‘A prinde cu mâța-n sac’ (A prin-de ku ma-tsa-n sak)
Translation: To catch [someone] with the cat in the bag
Meaning: Rather intuitive, this expression is used to describe when someone is caught red handed. What is not intuitive is the fact that, usually, cats will get in the bag simply because they want to.
‘A se uita ca mâța-n calendar’ (A se ui-ta ca ma-tsa-n ca-len-dar)
Translation: To look [at something] like the cat in the calendar
Meaning: By all appearances, it is quite bad to look confused in Romania. When someone is clueless about a situation, his or her expression, Romanians believe, becomes very similar to that of a cat looking in the calendar.
‘Ce naște din pisica, șoareci mănâncă’ (Ce na-shte din pi-si-ca, shoa-reci ma-nan-ca)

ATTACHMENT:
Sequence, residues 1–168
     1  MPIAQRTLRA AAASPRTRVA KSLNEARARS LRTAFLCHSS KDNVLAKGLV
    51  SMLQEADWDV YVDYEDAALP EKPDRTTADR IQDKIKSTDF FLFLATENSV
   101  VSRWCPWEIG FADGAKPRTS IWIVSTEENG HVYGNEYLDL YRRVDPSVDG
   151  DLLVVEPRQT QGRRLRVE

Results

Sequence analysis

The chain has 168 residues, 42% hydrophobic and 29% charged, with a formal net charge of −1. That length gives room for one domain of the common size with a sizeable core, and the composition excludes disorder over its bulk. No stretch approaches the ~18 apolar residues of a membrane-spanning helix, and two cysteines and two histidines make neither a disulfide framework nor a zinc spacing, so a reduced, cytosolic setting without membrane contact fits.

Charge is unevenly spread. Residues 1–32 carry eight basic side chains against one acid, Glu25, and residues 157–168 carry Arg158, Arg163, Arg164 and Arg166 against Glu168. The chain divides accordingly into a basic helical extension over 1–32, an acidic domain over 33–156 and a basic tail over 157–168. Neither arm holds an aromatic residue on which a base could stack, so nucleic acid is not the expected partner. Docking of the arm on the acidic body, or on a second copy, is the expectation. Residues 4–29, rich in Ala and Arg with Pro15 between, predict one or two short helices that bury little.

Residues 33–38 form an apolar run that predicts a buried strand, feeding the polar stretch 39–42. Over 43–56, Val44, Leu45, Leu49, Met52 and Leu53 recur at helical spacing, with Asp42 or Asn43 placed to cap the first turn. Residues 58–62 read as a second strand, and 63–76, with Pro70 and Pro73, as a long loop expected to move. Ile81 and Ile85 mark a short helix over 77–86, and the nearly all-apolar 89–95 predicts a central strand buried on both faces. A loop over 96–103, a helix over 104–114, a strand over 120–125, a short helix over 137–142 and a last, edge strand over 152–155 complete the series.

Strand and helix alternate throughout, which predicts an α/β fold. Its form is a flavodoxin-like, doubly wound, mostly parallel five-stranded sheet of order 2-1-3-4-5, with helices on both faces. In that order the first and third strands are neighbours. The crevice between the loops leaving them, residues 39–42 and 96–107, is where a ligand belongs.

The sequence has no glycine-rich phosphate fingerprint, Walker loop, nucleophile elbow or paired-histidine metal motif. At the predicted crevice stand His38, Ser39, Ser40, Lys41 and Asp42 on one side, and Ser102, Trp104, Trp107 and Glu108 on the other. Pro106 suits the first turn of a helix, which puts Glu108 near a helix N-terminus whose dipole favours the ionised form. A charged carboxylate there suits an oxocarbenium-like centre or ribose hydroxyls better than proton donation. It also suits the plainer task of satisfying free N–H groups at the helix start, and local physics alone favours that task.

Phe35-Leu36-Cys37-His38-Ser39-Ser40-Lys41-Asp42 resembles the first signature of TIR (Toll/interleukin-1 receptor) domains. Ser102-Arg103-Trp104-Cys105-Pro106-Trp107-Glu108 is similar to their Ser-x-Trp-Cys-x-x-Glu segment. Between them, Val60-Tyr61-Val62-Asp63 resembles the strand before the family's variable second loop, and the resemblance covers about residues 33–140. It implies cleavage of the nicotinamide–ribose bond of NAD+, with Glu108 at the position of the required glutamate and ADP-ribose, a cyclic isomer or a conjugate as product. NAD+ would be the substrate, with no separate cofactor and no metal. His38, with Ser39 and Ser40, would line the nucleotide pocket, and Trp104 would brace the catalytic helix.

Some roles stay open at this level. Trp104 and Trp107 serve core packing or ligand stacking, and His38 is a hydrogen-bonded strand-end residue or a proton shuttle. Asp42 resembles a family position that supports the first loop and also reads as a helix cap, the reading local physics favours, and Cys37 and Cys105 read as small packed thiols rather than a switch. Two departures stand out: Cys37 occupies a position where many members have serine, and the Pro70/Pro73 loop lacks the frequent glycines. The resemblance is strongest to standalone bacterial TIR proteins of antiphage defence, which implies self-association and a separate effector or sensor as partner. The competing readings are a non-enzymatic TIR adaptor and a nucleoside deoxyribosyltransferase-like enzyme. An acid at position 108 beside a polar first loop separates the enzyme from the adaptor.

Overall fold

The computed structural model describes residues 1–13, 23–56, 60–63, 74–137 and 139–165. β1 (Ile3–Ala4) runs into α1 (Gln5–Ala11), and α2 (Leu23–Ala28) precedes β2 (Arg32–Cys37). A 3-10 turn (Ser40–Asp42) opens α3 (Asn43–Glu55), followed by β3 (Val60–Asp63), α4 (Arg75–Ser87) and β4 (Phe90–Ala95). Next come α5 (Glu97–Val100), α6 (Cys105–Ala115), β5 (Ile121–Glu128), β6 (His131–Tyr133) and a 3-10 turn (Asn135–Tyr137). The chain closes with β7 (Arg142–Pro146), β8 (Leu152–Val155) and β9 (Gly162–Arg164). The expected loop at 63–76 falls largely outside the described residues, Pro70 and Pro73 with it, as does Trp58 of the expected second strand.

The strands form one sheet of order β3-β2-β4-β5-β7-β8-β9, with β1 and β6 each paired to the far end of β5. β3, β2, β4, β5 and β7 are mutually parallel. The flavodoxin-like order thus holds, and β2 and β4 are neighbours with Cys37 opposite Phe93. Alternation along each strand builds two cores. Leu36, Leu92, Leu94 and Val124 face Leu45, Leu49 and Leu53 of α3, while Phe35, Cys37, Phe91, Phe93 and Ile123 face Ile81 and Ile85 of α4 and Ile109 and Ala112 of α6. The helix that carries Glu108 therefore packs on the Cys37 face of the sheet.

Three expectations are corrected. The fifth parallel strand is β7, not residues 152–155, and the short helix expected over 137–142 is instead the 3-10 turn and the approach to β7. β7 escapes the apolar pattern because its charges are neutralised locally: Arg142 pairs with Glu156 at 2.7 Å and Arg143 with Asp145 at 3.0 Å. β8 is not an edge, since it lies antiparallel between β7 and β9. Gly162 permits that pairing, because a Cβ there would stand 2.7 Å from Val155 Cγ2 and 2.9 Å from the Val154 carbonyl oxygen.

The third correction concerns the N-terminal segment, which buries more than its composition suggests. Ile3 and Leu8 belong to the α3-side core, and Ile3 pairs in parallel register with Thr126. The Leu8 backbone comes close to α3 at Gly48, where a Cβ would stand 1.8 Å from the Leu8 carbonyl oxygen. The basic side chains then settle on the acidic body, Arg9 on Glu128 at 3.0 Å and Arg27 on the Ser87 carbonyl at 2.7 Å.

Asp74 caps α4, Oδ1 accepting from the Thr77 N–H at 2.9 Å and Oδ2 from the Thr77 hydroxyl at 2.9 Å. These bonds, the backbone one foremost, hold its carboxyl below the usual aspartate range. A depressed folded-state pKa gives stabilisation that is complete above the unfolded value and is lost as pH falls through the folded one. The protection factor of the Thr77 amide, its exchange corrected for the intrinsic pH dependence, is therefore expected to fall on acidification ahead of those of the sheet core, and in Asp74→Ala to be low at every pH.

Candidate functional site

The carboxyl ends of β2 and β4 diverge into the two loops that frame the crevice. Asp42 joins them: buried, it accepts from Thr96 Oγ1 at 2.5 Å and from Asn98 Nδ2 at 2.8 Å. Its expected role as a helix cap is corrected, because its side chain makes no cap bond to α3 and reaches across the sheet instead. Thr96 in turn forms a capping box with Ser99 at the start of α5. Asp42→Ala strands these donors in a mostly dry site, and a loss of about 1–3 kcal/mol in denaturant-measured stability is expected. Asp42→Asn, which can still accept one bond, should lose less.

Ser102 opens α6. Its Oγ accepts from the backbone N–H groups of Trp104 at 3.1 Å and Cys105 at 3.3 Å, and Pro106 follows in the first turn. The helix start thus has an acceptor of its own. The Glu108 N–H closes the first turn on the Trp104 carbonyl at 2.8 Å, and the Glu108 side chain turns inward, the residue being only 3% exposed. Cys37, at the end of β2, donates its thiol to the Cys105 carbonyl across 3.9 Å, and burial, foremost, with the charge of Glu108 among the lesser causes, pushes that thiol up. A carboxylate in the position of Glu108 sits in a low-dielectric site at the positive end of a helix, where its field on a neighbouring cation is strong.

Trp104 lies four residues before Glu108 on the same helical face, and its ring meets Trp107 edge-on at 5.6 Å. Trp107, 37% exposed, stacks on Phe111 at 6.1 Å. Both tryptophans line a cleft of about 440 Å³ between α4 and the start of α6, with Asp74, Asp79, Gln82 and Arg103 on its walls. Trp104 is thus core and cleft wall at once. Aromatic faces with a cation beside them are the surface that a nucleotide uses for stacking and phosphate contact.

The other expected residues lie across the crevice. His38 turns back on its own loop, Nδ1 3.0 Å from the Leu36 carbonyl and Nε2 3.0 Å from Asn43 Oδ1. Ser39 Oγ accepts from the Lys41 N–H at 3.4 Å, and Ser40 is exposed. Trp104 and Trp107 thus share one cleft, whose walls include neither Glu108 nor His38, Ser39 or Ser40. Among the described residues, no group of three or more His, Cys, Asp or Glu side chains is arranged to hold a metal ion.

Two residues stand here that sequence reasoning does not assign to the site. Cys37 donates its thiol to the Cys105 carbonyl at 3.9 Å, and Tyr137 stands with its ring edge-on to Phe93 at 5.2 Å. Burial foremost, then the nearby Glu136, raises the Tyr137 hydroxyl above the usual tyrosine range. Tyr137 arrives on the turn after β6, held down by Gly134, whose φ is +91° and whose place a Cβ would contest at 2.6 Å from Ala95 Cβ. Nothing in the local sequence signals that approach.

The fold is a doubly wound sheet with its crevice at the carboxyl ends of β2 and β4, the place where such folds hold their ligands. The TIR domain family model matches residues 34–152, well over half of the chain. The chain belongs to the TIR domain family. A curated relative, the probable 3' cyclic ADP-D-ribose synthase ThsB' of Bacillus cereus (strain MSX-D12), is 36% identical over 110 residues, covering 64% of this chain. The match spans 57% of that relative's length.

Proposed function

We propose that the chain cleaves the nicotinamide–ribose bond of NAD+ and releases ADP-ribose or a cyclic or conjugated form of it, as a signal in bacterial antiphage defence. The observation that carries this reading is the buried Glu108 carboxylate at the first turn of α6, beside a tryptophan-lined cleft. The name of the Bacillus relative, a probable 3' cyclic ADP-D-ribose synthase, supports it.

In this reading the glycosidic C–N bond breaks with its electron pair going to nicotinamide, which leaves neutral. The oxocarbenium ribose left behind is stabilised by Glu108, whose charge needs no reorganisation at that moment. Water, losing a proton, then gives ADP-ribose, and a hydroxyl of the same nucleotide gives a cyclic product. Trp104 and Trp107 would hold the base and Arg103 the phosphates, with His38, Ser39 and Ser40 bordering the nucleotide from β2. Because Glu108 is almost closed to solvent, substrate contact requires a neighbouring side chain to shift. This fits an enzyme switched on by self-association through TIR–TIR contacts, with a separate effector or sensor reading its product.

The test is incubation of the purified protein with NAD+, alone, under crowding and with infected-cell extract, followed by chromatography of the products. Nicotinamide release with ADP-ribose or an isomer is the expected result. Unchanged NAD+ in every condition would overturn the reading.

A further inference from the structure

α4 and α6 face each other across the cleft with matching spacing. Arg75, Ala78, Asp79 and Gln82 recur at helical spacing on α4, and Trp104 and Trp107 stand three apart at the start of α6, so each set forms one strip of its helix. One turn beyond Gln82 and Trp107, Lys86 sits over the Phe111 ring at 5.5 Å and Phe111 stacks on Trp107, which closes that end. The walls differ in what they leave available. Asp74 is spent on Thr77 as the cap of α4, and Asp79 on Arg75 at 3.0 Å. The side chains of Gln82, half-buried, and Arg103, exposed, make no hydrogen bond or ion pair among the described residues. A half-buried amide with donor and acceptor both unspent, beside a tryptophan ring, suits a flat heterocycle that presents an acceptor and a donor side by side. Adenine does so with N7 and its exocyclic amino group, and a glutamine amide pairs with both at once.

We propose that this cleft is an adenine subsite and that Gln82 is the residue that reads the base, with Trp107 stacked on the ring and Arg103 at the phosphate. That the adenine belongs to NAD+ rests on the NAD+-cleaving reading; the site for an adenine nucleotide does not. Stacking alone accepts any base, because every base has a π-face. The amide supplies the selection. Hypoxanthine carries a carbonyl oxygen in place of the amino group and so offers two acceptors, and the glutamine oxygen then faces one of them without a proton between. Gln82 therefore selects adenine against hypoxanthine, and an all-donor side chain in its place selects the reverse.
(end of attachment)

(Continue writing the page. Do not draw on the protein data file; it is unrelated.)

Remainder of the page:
Translation: If born by a cat, it will eat mice
Meaning: This idiom points to the fact that, inevitably, children will resemble their parents.
‘A rupe pisica-n două’ (A ru-pe pi-si-ca-n do-ua)
Translation: To break the cat in half
Meaning: When Romanians feel brave and want to get to the bottom of things, they tackle their problems head on and apparently, nothing says it better!
‘A trage mâța de coadă’ (A tra-ge ma-tsa de coa-da)
Translation: To pull the cat by its tail
Meaning: When someone is pulling the cat by the tail, it means he or she is in a slump and not doing well financially.
‘Mâța blândă zgârie rău’ (Ma-tsa blan-da zga-rie rau)
Translation: The gentle cat scratches badly
Meaning: The idiom is applicable to those seemingly inoffensive people who will not hesitate to take a stand if someone crosses the line.
‘Nu mai bea mâța oțet’ (Nu mai bea ma-tsa o-tset)
Translation: The cat won’t drink vinegar anymore
Meaning: This expression hints that someone who was tricked once will be very careful next time around.
‘A-i oua și mâța’ (A-i o-ua shi ma-sta)
Translation: Even the cat is laying eggs
Meaning: When someone is extremely lucky, he or she will find that not only the chicken, but also the cat is laying eggs.